In a post-election editorial, Al Gore laid out a policy roadmap for addressing climate change. Gore’s plan looks like a bunch of other plans that have recently landed on the president-elect’s doorstep. I will now do you the favor of summarizing reams of policy expertise in five bullet points, henceforth referred to as the Grand Climate Plan:

  1. Carbon pricing
  2. Efficiency standards
  3. Carbon-free electricity
  4. Smart electrical grid
  5. Electric cars transportation

Some heavy caveats are in order: the Grand Climate Plan isn’t meant to be comprehensive or even sufficient to address climate change. Plenty of important stuff falls outside the scope of these five points. Nor is the Grand Climate Plan meant to imply consensus. Every one of these broad-brush categories encompasses a range of policy tools and attendant debates.

Take No. 3, for example, carbon-free electricity. The term lumps together everything from offshore wind to clean coal to nuclear power. It also covers policy tools ranging from direct subsidy to cap-and-trade to renewable portfolio standards.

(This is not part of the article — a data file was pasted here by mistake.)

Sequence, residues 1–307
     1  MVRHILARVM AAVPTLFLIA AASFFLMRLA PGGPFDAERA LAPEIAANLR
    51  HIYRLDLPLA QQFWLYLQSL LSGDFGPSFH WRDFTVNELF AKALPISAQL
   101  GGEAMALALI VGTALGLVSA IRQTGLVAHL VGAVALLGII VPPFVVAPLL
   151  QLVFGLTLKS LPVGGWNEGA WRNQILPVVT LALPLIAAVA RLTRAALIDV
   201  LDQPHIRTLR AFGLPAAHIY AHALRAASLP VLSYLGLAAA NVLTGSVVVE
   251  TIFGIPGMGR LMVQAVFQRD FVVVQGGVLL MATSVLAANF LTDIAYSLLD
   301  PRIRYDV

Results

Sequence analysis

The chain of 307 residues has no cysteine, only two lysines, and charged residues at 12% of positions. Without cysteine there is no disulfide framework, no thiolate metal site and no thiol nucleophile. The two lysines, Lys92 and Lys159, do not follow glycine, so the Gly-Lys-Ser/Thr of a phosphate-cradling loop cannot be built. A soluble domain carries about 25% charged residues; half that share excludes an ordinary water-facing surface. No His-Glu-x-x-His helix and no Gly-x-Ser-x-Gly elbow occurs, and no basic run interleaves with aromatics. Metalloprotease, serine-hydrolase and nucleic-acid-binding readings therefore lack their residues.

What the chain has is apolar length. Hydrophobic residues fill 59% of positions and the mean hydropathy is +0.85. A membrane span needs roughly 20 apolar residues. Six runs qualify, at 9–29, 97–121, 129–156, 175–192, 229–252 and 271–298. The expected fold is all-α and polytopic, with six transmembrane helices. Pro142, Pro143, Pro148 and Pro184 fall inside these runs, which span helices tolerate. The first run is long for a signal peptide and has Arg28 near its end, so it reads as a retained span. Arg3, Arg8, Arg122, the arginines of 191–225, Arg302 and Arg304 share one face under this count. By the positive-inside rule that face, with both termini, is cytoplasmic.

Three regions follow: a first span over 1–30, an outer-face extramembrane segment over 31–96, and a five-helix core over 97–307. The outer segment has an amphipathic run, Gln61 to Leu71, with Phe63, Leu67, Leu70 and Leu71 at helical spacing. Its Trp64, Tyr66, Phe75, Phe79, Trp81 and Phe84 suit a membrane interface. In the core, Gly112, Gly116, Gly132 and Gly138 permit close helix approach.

Nevertheless, the “plan” represents, if not consensus, then a sort of policy convergence, a set of interlocking puzzle pieces that, to a good approximation, chart the contours of the big-picture, climate-related policy proposals presently on the table. This situation is much changed from just a few years ago, when mainstream wonk types would have been hard-pressed to lay out any sort of coherent climate policy agenda outside maybe pushing for the U.S. to join Kyoto.

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I have a feeling I’ll be referring to the Grand Climate Plan a lot in the future, as it provides a fairly handy reference point from which to view competing proposals and legislative efforts. For the moment, though, I thought I’d mention some of the most glaring gaps, areas where little consensus exists other than the understanding that something needs to be done:

  1. Coal. There are a lot of coal-fired electrical plants out there, and there will be a lot more by the end of the decade. How fast can we get rid of them? How fast do we need to? Are the policies under consideration anywhere near up to the task?
  2. Forests and land use. Probably we’ll eventually see efforts to protect the world’s forests looped into the global carbon market, but a lot of unresolved issues remain. In the meantime, deforestation is still 20 percent of the global warming problem.
  3. China. And India. And international cooperation in general. I don’t doubt that such cooperation is possible, but I’m not sure that anyone yet knows what it will look like.